Forget and forgive
There will be times when you forget something you’ve always remembered. You may forget to pay a regular bill on time or wish a loved one a happy birthday. You may forget someone’s name or a key ingredient in a recipe. Perhaps you forgot to bring your grocery list or that your gas tank is low as you head out with no time to spare to get to an important meeting. Or you just forgot the meeting altogether.
We all forget things. Big and small. Consequential and insignificant. It happens. There are often reasons why we forget. Explanations that make sense. And, sometimes, inexplicably, there are not. Simply put, I forgot.
The thing about forgetting is what happens next. Once the forgetting is remembered you are playing a game with an opponent who has left the field. It’s done. Over. But a new opponent steps into that space – guilt. And that game can go on a long time, a very long time. There’s only one way you can win, and that is to forgive yourself.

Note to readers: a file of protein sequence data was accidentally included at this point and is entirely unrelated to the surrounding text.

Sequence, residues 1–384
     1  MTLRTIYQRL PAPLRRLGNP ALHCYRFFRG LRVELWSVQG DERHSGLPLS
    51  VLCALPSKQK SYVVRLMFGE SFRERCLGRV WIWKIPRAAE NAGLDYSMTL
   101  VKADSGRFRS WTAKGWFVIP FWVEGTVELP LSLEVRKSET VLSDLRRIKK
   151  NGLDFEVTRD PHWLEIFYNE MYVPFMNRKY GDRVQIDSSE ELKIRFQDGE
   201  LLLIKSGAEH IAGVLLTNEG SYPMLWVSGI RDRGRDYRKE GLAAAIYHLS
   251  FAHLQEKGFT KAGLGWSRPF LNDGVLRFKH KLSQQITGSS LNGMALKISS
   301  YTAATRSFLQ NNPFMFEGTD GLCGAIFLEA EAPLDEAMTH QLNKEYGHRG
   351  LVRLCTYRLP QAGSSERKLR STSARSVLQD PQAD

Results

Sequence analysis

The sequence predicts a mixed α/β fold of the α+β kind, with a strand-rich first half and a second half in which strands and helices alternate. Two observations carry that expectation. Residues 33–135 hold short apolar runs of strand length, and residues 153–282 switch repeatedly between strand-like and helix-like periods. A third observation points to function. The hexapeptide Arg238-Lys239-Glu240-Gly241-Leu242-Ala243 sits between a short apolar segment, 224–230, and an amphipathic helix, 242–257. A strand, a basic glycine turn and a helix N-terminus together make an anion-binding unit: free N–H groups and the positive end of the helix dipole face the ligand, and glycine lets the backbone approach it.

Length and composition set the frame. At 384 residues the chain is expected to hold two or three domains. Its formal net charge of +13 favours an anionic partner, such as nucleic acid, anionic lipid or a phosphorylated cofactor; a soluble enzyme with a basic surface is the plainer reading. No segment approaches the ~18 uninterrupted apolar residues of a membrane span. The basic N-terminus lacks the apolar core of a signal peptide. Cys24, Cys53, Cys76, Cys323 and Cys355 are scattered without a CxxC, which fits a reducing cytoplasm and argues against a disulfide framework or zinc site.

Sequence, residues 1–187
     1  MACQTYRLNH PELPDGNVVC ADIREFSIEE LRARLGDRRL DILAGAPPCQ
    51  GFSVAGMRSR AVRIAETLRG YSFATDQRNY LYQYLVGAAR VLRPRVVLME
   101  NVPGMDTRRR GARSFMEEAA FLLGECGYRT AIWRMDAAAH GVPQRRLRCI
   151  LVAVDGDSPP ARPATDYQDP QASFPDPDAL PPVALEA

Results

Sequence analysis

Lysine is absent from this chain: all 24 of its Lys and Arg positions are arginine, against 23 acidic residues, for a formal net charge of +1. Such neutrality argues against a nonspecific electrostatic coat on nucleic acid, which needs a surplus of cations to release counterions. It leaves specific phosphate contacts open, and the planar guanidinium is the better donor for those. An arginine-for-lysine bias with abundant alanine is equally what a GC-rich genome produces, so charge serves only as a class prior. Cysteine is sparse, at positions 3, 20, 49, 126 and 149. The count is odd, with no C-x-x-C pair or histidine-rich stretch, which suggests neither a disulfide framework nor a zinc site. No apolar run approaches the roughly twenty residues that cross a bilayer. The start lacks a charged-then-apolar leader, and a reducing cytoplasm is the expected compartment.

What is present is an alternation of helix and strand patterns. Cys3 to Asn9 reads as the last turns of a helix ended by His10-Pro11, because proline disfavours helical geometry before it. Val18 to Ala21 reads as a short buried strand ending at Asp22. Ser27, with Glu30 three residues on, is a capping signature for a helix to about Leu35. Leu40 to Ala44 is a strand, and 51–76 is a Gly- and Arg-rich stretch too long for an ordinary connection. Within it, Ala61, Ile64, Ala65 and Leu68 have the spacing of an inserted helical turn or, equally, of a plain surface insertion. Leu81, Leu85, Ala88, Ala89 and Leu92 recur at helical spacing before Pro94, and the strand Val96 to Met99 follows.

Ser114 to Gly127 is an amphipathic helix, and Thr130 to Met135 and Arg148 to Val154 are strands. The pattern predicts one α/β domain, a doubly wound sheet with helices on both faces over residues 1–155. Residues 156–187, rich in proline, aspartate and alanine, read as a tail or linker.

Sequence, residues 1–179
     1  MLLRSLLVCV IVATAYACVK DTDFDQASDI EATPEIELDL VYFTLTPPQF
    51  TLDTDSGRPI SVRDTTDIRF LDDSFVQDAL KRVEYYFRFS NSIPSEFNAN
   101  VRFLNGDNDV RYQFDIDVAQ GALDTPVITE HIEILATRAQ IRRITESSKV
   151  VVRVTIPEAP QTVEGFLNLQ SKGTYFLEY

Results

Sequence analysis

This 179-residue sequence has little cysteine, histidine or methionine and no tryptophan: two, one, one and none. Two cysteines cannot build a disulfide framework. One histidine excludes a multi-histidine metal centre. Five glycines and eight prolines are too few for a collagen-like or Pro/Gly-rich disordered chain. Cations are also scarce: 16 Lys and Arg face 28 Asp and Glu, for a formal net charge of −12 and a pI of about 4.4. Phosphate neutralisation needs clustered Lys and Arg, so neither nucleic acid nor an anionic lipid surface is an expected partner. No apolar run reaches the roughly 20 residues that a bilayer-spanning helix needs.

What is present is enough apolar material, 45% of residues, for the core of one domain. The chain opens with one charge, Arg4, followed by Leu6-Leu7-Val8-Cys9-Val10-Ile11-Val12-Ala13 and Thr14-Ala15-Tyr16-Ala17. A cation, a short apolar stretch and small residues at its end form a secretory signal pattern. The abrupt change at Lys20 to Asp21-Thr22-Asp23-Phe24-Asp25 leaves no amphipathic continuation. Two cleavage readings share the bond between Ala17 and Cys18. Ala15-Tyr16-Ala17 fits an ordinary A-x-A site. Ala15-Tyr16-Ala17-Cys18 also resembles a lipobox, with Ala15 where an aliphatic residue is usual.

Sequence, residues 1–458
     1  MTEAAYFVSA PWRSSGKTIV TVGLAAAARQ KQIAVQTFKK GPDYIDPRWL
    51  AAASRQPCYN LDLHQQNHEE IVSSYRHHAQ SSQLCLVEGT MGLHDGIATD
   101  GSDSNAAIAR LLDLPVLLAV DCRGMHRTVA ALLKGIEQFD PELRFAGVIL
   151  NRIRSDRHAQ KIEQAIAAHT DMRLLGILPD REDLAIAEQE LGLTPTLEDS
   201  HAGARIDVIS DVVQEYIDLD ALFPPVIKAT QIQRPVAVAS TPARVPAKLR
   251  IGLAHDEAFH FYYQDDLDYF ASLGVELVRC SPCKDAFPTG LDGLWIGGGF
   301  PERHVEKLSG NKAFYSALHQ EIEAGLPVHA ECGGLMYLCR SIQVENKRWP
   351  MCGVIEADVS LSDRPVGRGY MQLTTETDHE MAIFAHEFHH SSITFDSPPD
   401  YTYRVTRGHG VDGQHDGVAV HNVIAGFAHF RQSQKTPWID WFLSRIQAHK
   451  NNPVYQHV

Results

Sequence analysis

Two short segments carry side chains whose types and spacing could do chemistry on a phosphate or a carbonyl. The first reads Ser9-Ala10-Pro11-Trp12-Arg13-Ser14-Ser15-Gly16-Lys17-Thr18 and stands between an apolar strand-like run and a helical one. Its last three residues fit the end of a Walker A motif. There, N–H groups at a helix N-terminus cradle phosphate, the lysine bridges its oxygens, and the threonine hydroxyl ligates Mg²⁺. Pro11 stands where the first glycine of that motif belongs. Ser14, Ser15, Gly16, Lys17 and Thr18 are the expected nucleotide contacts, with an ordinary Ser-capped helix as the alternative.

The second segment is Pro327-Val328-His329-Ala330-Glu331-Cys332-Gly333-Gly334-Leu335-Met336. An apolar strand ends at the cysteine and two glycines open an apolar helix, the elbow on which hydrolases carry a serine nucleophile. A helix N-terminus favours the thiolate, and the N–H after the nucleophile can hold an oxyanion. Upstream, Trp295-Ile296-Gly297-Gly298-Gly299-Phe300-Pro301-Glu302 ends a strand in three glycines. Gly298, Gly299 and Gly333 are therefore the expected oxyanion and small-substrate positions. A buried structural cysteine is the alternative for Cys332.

You can learn from the past (whether the past is a moment or a lifetime) or not. You always have that choice. If you’re like me, it takes several – okay, sometimes many – acts of forgetting before you figure out a better way. You can do that. That is always an active choice. What you cannot do is change the past. Learning to let it go without guilt or shame or blame or rumination will help you move on to a happier, more content present. This can be hard to do – guilt comes in all strengths and sizes – so get some help if you need it. We are able to let go of some oversights more easily than others.
As you go through your days, when you forget something, you can make amends, and learn or improve a technique to avoid or reduce future forgetting. You can always, and only, change yourself. You cannot change others or their opinions. Your choices are in the future. Your mistakes are in the past.
Forgiving yourself is in this moment.